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Past Master of Tax

01 November 2009   (0 Comments)
Posted by: Author: TaxTalk
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Past Master of Tax

There are many tax heroes, many of them unsung, who have played a role in the current tax system in the country.

Former Chief Justice of South Africa, Judge Michael Corbett passed away on 16 September 2007 at the age of 84.During an illustrious legal career he played a guiding role in the transformation of SARS when he chaired the advisory board to the minister of finance and the commissioner for SARS in 1997 to facilitate change at the Revenue Service.

In an announcement released by SARS at the time of his passing it was stated that Judge Corbett steered the work of the board, advised on the streamlining and alignment of organisational plans and the business focus of SARS, as well as the future shape and direction. He was able to do this with a wealth of experience behind him, having officially retired as chief justice of the country in 1996. At a time when the revenue authority was grappling with the challenges of transition, Judge Corbett contributed an approach of inclusive leadership, pioneering an important element of the organisational culture at SARS. During his time as chairperson, Judge Corbett displayed integrity and leadership that won over his fellow advisory board members.

The words "integrity” and "dignity” are used over and over again when the late Judge Corbett is mentioned. He was also commit ted to the fight for equal rights, and his stature was such that President FW de Klerk (after consulting Nelson Mandela) asked him to stay on as chief justice in1993, when he was due to retire, and then President Mandela asked him to stay on again until December 1996 to lead South Africa through its transition.He was awarded the Order of the Baobab (Gold Class) by President Mandela at a state banquet in December 1996.

Justice Corbett received an honorary Doctor of Laws degree from the University of Cape Town (UCT) in 1982, and served on the Council of this institution for many years.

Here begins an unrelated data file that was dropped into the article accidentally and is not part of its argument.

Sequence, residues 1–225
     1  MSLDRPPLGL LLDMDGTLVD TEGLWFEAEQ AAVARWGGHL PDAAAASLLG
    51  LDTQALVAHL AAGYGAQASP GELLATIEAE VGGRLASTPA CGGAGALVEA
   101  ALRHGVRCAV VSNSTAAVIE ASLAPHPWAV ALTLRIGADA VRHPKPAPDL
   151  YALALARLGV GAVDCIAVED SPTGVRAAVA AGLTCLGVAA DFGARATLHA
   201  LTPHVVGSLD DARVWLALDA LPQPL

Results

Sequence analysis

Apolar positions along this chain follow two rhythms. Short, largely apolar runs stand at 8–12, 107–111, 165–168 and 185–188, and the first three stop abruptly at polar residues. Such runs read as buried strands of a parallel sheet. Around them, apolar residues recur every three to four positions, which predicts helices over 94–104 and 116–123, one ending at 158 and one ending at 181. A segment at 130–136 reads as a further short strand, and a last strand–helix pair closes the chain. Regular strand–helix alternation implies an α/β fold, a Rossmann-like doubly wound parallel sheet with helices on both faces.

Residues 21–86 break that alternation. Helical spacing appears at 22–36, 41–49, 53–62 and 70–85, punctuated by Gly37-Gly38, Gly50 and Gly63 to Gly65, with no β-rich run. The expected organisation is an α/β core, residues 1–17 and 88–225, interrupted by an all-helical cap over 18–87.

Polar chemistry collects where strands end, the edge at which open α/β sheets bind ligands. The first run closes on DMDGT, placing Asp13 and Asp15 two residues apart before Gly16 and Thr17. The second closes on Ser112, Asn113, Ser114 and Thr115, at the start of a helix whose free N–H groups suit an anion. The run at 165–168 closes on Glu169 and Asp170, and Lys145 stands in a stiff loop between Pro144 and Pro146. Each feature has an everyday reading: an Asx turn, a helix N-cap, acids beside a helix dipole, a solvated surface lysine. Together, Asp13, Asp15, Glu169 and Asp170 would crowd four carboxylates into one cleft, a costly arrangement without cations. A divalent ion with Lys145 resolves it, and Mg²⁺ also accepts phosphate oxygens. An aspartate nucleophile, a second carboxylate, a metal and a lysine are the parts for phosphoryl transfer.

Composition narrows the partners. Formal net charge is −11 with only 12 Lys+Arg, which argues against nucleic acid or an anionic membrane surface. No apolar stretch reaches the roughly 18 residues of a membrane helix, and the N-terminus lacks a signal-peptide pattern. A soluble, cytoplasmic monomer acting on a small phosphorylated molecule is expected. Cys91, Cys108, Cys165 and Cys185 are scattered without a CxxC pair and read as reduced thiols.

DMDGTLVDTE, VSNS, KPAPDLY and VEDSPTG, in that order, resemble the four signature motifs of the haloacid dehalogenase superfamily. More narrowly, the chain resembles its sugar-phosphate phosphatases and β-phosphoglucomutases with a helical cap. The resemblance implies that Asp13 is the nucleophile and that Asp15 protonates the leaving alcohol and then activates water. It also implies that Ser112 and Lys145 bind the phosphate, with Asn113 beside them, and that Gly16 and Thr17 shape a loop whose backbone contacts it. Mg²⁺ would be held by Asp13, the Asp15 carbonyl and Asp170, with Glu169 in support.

Michael Corbett started practice at the Cape Bar in1948, during which time he also lectured part-time at UCT before his appointment to the Bench in 1963.Dean of Law at UCT Professor Hugh Corder recalls that his elevation to the then highest court in the country, the Appellate Division in Bloemfontein, in 1974 was a swift one, which reflected the general respect with which his work as a judge was regarded.

He described Corbett as "a person of unswerving commitment to justice, of complete integrity and of quiet dignity in all he did, both on and off the Bench.Judge Corbett made abundantly clear his commitment to the rule of law and a Bill of Rights for South Africa in 1979 at a time when it was extremely unpopular, to say the least, to express such views".

In a tribute to Judge Corbett at the time of his death,President Thabo Mbeki said that he would be remembered for his life-long career in law and his leadership during the first two years of the country's democratic transition.Former President Nelson Mandela said Judge Corbett was "a man whose life was one dedicated to the passion of justice".

Source: By TaxTalk


Section 240A of the Tax Administration Act, 2011 (as amended) requires that all tax practitioners register with a recognized controlling body before 1 July 2013. It is a criminal offense to not register with both a recognized controlling body and SARS.


The Act requires that a minimum academic and practical requirments be set to register with a controlling body. Click here for the minimum requirements of SAIT.

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